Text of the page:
In today’s technology driven marketplace, businesses need to stay at the cutting edge or risk getting left behind. However, adopting new solutions can easily drain your resources. You need to be very intentional and measured when proposing process changes to your IT staff and end users.
If you’re ready to make an investment in new technology, consider these tips to gain buy-in from the IT department.
Define your goals and purpose
Let’s say you’ve just discovered a new exciting piece of technology and you believe it will change the way your company succeeds in the marketplace. Given your business expertise and experience in the field, the advantages of the technology may seem obvious to you. However, others in your company may not immediately recognize the solution’s potential.
Before you bring your idea to other stakeholders and end users, you need to clearly define your purpose in adopting a new tool or solution. Will the technology increase productivity? Provide transparency between siloed departments? Improve information security? Once you identify the driving purpose behind your idea, work backwards, targeting specific goals that will help your company reach that end.
At this point, it’s important to be open and flexible with your vision. The Eli Broad College of Business at the University of Michigan noted that, in dynamic industries, change can be incremental or revolutionary. Incremental changes require a long-term plan with clearly defined goals. Revolutionary change necessitates the buy in of all major stakeholders and will likely require a massive push from your training and development teams.
Get the necessary data
You need to be passionate about your idea, but that enthusiasm will only get you so far. You also need concrete evidence, backed by real-world data, that will convince stakeholders that your vision is best for the company.
Establish benchmarks, track key performance indicators and use the analytic data available to you to project how the technology will impact the business. When you can use numbers and hard data to back up your claims, others will listen.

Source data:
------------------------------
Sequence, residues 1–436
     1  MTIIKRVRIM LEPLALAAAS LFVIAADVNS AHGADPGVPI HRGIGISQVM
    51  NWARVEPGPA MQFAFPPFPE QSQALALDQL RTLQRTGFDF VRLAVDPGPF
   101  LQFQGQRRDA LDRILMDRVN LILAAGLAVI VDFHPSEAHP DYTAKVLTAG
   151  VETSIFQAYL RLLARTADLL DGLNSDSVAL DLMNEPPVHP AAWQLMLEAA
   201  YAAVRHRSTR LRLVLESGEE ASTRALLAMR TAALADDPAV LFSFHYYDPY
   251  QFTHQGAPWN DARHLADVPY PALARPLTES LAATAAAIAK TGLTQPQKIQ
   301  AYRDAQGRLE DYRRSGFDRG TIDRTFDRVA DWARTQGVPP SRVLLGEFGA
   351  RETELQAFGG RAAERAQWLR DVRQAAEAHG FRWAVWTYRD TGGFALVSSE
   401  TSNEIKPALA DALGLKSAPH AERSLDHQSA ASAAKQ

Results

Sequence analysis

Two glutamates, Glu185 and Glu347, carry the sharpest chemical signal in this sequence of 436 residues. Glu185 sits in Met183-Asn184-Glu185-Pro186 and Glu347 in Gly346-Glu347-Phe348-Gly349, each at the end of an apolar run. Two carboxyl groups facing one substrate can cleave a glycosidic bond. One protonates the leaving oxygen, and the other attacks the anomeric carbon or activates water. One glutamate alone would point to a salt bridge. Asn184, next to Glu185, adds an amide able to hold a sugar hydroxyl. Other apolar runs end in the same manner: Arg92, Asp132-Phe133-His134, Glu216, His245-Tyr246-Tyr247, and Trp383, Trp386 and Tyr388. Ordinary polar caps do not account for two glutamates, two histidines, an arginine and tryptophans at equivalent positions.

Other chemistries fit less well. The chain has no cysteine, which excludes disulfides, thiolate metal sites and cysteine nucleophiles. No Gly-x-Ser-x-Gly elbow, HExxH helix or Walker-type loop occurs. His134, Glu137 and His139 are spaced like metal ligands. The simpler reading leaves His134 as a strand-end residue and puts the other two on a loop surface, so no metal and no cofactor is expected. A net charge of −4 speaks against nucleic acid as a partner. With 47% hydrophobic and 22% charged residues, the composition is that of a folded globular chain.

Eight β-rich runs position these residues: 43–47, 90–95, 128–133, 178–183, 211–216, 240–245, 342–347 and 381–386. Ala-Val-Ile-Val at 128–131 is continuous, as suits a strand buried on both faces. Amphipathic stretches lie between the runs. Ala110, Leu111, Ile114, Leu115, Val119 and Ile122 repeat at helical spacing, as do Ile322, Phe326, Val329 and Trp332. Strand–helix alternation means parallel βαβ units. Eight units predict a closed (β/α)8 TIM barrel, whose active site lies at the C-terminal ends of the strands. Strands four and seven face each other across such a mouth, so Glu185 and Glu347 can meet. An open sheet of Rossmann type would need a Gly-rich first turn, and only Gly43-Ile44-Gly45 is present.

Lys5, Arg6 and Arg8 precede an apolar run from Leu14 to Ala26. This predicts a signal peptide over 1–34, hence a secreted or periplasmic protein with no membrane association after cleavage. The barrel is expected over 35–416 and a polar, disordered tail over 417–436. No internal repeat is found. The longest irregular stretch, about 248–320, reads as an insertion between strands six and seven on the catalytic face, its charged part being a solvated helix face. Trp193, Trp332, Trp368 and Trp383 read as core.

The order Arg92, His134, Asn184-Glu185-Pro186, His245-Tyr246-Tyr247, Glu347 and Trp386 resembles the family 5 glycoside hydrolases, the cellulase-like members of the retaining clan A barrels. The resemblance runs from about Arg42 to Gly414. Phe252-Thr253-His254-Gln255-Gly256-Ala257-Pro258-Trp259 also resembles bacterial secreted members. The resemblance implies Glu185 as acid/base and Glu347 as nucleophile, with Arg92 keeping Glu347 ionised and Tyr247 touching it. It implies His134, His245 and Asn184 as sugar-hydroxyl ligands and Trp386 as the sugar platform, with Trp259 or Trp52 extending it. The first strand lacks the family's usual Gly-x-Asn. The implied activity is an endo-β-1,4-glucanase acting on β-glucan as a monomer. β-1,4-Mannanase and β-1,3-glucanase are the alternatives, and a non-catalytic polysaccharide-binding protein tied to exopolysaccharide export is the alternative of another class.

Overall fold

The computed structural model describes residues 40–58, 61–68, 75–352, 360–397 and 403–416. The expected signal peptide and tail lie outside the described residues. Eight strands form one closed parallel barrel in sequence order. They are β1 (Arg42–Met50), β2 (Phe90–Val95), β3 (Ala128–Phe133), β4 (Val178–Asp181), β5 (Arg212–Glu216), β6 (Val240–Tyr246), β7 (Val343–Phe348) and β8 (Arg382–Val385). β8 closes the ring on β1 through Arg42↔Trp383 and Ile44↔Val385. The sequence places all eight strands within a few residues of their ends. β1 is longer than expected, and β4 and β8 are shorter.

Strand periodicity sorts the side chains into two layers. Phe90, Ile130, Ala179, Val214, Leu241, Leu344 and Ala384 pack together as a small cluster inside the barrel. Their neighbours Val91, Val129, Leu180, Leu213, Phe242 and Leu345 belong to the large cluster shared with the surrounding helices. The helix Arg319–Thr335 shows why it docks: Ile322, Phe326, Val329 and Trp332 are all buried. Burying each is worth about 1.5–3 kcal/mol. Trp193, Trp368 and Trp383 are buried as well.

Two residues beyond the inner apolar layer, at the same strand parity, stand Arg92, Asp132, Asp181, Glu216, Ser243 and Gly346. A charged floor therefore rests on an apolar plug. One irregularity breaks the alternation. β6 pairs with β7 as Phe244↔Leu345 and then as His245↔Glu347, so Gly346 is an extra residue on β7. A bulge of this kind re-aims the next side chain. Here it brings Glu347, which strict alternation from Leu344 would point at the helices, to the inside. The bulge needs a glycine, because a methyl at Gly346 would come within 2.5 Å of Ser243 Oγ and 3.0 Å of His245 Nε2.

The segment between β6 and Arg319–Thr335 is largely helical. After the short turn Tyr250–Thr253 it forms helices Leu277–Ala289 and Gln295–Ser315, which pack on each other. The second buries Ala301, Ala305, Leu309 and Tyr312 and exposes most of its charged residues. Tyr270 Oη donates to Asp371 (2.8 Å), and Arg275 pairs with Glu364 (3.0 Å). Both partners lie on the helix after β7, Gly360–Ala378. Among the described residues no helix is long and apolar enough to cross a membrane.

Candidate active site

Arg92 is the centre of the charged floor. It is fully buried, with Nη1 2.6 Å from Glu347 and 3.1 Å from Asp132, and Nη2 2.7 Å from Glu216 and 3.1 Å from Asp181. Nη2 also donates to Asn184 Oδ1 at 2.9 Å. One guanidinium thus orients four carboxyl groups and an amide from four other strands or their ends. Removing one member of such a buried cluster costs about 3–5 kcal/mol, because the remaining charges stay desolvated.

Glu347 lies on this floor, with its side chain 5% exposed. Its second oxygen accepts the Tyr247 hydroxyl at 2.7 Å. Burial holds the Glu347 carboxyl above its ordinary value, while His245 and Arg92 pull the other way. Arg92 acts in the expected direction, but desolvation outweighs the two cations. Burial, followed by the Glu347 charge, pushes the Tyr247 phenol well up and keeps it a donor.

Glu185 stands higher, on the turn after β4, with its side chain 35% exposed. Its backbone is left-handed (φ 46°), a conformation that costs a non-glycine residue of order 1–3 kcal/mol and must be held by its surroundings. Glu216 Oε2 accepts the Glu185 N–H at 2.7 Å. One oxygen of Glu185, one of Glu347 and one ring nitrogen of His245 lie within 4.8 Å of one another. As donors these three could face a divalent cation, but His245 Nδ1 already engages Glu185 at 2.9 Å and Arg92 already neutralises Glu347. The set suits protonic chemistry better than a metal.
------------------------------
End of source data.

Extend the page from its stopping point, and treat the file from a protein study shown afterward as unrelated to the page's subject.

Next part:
Develop a timeline and training strategy
Your employees may be resistant to change for a number of reasons. For some, the simple fact that times are changing is enough to cause resistance to the adoption of new technology. Wesleyan University lecturer Rebecca Knight, writing in the Harvard Business Review, explained that some people may feel threatened by new technology – worrying that it will make their position irrelevant or more difficult to accomplish.
These kinds of negative reactions may be frustrating for you, especially if your intention is to make work easier or more efficient. When you speak with your employees about adopting an unfamiliar new technology, be sure to field questions about it and be straightforward with your answers. The more context you can provide for the process change, the more your employees will be able to understand its benefits. Then, you can develop a plan for training employees on the new technology.
Have an honest discussion with IT
You have expert knowledge of the business side of the company; now you need to combine it with the technology intelligence of your IT leaders. Once you’ve defined your goals, backed them up with data and developed an implementation strategy, it’s time to pass the final stress test: Is your proposal feasible?
Stay flexible and listen to what your IT leaders have to say. They may spot roadblocks that you hadn’t considered. If necessary, find a middle ground and work from there to achieve your desired result as a team.
Already built your business case? Simplify the roll out with the six tips in this eBook.